My view of the Conversion Conference & Emetrics in San Jose, USA, 2010

I had the luck to attend the first conversion conference held in San Jose, USA, during the time 3-6 of May, 2010. The conference was in conjunction with Emetrics that has been around for a while so there were plenty of tracks to attend. I think in total there were somewhere over 100 tracks!

The theme of the conversion conference was to explore various aspects of website conversion such as videos, ab testing, copy writing, usability etc. The Emetrics part is more about web analytics and less on the conversion part but of course they overlapped a bit.

I and my colleagues Rickard and Jenny traveled all the way from small Stockholm to San Jose, the capital of Silicon Valley to see and hear the most prominent people within the web analytics field (a 16 hour trip…very tiresome). Unfortunately you have to travel that far if you want to listen to these people at the same conference. You rarely get this chance in Europe.

The attendance on the conference came all over the world. There were people from Germany, Israel, South Africa, Poland and another Swede.

The feeling I got was that most people there were some sort of consultants. I think less than 50% of the attendants were from end user companies. I was also surprised to meet so few big company representatives. Maybe they don’t do web analytics or they already know everything.

So, if I do a short recap of the conference here are my high and low points.

The high points

  • Many tracks. A lot to listen to. As usual when you have such great variety the quality varies a lot but it was good to be able to choose what you want to listen to.
  • The venue. It was held in The Fairmont Hotel, a four star hotel with large spaces and large rooms for such a conference. Unfortunately some of the rooms were small and got filled quickly. Also the air condition killed me some times.
  • It was well organized. Everything run smoothly from the various sessions to the lunch breaks run smoothly.
  • Famous speakers, top of the line. Some of the most famous people within the field was there as speakers. For example the much famous Mr. Avinash was there.
  • Probably around 500 people or more attending both conferences. It was nice to see such large turnout, which indicates that people are getting more and more conscious of what web analytics can do for them.
  • Networking. Like all conferences you get a chance to network, and I got to listen to various peoples “problems” which was interesting. I recognized many of the problems – like handling a vast amount of keywords or doing AB testing.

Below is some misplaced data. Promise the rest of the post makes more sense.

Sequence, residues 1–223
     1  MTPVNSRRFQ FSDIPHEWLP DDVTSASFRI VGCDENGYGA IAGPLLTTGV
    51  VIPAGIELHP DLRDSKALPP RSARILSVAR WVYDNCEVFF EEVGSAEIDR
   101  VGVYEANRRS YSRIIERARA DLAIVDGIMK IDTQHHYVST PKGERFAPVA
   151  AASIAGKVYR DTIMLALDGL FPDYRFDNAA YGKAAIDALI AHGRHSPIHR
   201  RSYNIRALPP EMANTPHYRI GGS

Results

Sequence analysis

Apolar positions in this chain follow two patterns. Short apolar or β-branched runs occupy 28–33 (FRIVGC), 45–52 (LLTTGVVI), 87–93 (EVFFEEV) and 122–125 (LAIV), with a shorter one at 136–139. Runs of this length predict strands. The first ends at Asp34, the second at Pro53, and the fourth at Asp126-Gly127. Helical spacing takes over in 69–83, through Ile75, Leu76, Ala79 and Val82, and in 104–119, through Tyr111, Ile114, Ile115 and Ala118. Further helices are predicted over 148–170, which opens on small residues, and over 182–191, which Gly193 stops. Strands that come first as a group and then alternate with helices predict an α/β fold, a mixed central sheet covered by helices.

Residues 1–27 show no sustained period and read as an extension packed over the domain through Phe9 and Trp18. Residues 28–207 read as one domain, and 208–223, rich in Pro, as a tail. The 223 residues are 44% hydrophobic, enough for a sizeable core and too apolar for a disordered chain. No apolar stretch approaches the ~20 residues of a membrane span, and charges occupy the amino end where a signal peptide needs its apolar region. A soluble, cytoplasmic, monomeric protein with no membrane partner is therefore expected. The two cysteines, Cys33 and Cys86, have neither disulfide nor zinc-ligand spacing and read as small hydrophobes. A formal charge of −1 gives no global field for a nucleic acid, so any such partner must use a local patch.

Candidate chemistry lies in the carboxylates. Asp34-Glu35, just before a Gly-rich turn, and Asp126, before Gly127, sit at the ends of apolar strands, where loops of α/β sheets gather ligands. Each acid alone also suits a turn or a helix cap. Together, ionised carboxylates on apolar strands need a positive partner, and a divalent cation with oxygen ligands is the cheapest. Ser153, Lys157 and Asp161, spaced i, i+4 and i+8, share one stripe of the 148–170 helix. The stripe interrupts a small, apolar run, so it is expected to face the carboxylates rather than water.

• My top 3 sessions.
    • The presentation on how videos increase conversion if you do it right. From my own experience I know that videos can increase conversion but the two guys presenting was humorous and very down to earth. They also showed some interesting examples that can be used in various cases.
    • The session about sharing knowledge within the organization was interesting to listen to.
    • The Expedia presentation. Expedia must most likely have to most advanced web analytics and conversion program out there. They use software and manpower to maximize their efforts in various areas. It took them three hard years to get where they are but I bet they got their investment back with interest.

The low points

  • Over half of the tracks were too basic from my point of view. Of course various people experience this type of conference differently but I think many of the tracks were to shallow for my taste.
  • Too many consultants presenting and they tend to have a tone of voice that tells you that their findings is the rule. Especially the more famous ones were more or less preaching which I think if you are a bit experienced within the field you see through it.
  • Too few company presentations. I like company case presentations. I think they give you a good idea on how you can solve your own problems while watching the likes of others. Unfortunately there were too few company case presentations. I would like to see much more but I guess they are hard to find.
  • Many of the presented cases by the consultants did not hold to scrutiny. On questions from the audience many of the cases had not been implemented and were rather a suggestion  from the consultant to their client, so the outcome had not been documented.
  • I am not sure if this is a bad thing but the knowledge on conversion among the audience seem to be very low judging by the questions and the twitter chat.


I think this was the best conference I have attended so far. Would I go again? Yes, no doubt about it. That it was held in Silicon Valley was very interesting, I got the wibe that if you work with IT business development this is where you should be.

I keep asking myself how far along are we at Web Guide Partner on conversion and web analytics issues? Well, I truly think that we are among the most advanced companies out there but not on everything. We have explored most areas and have a broad spectrum of knowledge but we lack the marketing part such as ppc and offline advertising. Also our experience with social media is halting. The vast amount of websites we work with also limits us to the amount of deep diving we can do.

All in all though I am glad I attended the conference, it makes me a smarter web analytics and conversion guy, hopefully we can use some of the knowledge on our own websites.